The world remembers Nelson Mandela

BY News Desk  December 5, 2013 at 5:15 PM EDT

Former South African president Nelson Mandela died Thursday at the age of 95.

Counting himself among the millions influenced by Mandela, President Barack Obama on Thursday mourned the death of the anti-apartheid icon with whom he shares the distinction of being his nation’s first black president.

“He no longer belongs to us. He belongs to the ages,” Obama said in a somber appearance at the White House.

South African President Jacob Zuma addressed a nation in mourning.

“We’ve lost our greatest son. Our nation has lost its greatest son. Our people have lost a father,” Zuma said. “Although we knew that this day would come, nothing can diminish our sense of a profound and enduring loss.”

PBS NewsHour will continue to update this post as world leaders and others from around the globe speak on the loss of the former South African President and activist.

President Obama speaks to the nation on the passing of Nelson Mandela:

UPDATED 6:20 EST:

Message from The Nelson Mandela Foundation, The Nelson Mandela Children’s Fund and The Mandela Rhodes Foundation:

“It is with the deepest regret that we have learned of the passing of our founder, Nelson Rolihlahla Mandela – Madiba. The Presidency of the Republic of South Africa will shortly make further official announcements.

We want to express our sadness at this time. No words can adequately describe this enormous loss to our nation and to the world.

We give thanks for his life, his leadership, his devotion to humanity and humanitarian causes. We salute our friend, colleague and comrade and thank him for his sacrifices for our freedom. The three charitable organisations that he created dedicate ourselves to continue promoting his extraordinay legacy.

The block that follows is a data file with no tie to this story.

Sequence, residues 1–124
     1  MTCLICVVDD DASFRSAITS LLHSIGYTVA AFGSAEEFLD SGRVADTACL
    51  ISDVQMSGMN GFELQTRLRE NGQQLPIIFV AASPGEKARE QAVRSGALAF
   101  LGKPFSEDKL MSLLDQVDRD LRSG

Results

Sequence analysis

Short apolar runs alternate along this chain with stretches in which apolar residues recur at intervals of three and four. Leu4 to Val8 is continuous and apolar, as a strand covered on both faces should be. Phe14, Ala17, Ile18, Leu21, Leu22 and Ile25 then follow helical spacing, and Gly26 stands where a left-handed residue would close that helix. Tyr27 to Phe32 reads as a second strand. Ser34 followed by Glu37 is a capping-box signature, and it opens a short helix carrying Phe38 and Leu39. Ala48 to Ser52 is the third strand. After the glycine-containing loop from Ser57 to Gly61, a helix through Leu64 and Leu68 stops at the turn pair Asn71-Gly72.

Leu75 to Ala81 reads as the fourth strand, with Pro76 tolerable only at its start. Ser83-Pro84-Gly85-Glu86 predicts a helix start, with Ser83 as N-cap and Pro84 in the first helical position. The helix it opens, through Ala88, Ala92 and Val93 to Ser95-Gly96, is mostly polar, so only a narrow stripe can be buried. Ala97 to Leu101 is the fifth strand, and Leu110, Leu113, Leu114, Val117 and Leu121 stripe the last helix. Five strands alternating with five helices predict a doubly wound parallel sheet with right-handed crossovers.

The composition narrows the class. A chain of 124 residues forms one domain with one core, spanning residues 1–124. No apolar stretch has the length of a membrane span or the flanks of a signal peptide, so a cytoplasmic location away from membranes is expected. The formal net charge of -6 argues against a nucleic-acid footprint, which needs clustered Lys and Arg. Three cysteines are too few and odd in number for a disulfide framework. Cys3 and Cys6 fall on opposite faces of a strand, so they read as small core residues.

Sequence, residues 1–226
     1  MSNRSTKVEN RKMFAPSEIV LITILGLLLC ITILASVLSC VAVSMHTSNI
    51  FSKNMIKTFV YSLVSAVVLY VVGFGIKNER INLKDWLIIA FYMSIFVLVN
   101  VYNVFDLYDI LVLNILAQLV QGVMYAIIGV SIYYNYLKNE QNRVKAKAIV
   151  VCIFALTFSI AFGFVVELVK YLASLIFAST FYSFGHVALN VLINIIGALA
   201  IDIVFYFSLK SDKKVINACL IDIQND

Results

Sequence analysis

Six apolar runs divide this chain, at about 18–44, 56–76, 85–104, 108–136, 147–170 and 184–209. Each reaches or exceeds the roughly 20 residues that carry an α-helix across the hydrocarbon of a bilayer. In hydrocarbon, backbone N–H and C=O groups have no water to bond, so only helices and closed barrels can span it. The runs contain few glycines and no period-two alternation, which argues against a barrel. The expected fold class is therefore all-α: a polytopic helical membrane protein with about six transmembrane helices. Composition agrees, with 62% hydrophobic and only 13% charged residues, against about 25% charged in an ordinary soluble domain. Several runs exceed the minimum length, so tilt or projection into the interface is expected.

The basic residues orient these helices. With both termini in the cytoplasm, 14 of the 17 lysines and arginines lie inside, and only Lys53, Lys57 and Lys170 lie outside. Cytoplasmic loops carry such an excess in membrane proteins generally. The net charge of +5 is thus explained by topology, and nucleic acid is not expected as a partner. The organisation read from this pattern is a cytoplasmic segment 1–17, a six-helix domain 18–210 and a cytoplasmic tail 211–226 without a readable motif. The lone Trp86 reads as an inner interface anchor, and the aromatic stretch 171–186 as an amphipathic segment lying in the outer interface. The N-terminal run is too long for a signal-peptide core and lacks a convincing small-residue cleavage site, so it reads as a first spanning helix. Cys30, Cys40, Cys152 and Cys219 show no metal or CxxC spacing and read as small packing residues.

Hamba Kahle Madiba”

Gathering outside Mandela’s house:

 

Former President George W. Bush:

“Laura and I join the people of South Africa and the world in celebrating the life of Nelson Rolihlahla Mandela. President Mandela was one of the great forces for freedom and equality of our time. He bore his burdens with dignity and grace, and our world is better off because of his example. This good man will be missed, but his contributions will live on forever. Laura and I send our heartfelt sympathy to President Mandela’s family and to the citizens of the nation he loved.”

Former President Bill Clinton:**

“[Nelson Mandela taught us so much about so many things. Perhaps the greatest lesson, especially for young people, is that, while bad things do happen to good people, we still have the freedom and responsibility to decide how to respond to injustice, cruelty and violence and how they will affect our spirits, hearts and minds."

Former President George H.W. Bush:

"Barbara and I mourn the passing of one of the greatest believers in freedom we have had the privilege to know. As President, I watched in wonder as Nelson Mandela had the remarkable capacity to forgive his jailers following 26 years of wrongful imprisonment -- setting a powerful example of redemption and grace for us all. He was a man of tremendous moral courage, who changed the course of history in his country. Barbara and I had great respect for President Mandela, and send our condolences to his family and countrymen."

Former President Jimmy Carter: